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September 4, 2020 1:52 pm

Coronavirus Bolstering Extremists on Both Left and Right, as Well as Islamist Antisemites, EU Counter-Terrorism Coordinator Warns

avatar by Algemeiner Staff

EU Counter-Terrorism coordinator Gilles de Kerchove attends a news conference, during an international meeting of anti-terror magistrates, in Paris, France, April 27, 2015. Photo: Reuters / Philippe Wojazer.

The European Union’s top counter-terrorism official has voiced concern regarding an increase in antisemitic rhetoric and actions during the global coronavirus crisis.

“Violence against minorities ‐‐ particularly Jews ‐‐ has increased during the pandemic,” Gilles de Kerchove — the EU’s counter-terrorism coordinator — observed in an extensive interview with the Combating Terrorism Center of the United States Military Academy at West Point.

“We need to tackle these problems and counter antisemitic hate speech and violence,” de Kerchove said.

A former law professor from Belgium who has been in his position since 2007, de Kerchove was candid in his analysis of how Islamism, the far left and the far right dovetail around certain subjects — particularly hostile attitudes to Jews.

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“It is a lot about a rejection of globalization,” he said. “It is often about projecting a black-and-white vision of the world, hatred of Jews and antisemitism.”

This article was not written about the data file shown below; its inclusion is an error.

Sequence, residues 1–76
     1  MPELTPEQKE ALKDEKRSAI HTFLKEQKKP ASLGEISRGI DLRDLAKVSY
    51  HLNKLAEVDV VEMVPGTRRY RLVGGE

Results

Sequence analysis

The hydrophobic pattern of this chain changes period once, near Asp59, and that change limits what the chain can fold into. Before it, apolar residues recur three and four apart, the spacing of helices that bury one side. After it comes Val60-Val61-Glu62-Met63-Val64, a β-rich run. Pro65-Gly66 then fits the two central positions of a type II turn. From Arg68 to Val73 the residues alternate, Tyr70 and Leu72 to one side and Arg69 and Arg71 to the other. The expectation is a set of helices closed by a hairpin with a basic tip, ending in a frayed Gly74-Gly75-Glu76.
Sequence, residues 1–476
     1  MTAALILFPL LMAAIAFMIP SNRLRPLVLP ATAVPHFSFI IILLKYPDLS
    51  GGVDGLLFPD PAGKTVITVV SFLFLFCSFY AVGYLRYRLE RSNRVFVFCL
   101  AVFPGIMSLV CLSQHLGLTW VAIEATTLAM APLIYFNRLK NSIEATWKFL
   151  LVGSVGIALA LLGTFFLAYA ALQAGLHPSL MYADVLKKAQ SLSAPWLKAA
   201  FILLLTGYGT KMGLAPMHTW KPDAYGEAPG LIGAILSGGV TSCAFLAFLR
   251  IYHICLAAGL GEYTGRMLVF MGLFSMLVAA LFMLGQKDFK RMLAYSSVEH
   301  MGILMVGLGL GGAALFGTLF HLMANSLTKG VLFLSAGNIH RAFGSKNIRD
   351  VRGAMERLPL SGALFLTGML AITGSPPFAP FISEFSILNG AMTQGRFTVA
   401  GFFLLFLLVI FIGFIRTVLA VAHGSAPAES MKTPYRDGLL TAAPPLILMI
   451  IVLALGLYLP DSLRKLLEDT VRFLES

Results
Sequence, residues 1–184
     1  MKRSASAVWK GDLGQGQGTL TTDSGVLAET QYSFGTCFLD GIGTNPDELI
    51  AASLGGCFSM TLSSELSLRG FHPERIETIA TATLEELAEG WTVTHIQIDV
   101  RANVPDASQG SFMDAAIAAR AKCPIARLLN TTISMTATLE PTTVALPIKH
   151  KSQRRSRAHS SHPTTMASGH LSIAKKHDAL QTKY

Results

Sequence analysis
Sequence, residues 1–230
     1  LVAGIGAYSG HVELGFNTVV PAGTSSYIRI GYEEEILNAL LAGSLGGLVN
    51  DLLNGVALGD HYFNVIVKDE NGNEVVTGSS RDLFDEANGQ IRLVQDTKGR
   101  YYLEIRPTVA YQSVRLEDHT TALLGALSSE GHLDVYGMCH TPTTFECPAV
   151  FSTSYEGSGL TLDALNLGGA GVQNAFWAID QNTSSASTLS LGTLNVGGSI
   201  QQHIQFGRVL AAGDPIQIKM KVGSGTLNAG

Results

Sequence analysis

De Kerchove emphasized that antisemitism was “not just linked to the right-wing, by the way; Islamist extremism is a case in point, but there is a strong strain of antisemitism on the far left as well.”

He argued that leftist antisemitism was “linked to anti-Zionism and an anti-[Israeli PM Benjamin] Netanyahu feeling rather than the exact same strands of ideology linked to the far right.”

He went on to note, “There are some survivalists amongst those on the far right, and I acknowledge there is a wide diversity of elements in the right-wing violent ideology, but what is interesting is that there are some key ideas that tie them together ‐‐ hatred toward Arabs and Jews, misogyny, anti-globalization, for example.”

The coronavirus pandemic had “also sparked conspiracy theories that have no direct link to existing extremist ideologies,” de Kerchove pointed out, for example the unsubstantiated linkage of coronavirus with 5G technology.

“As a result of such theories, telecommunications masts have been set on fire in several EU member states,” de Kerchove said. “The motivation behind this is linked to a movement of technophobes with indirect links to right-wing and left-wing violent extremists, which is gaining in strength.”

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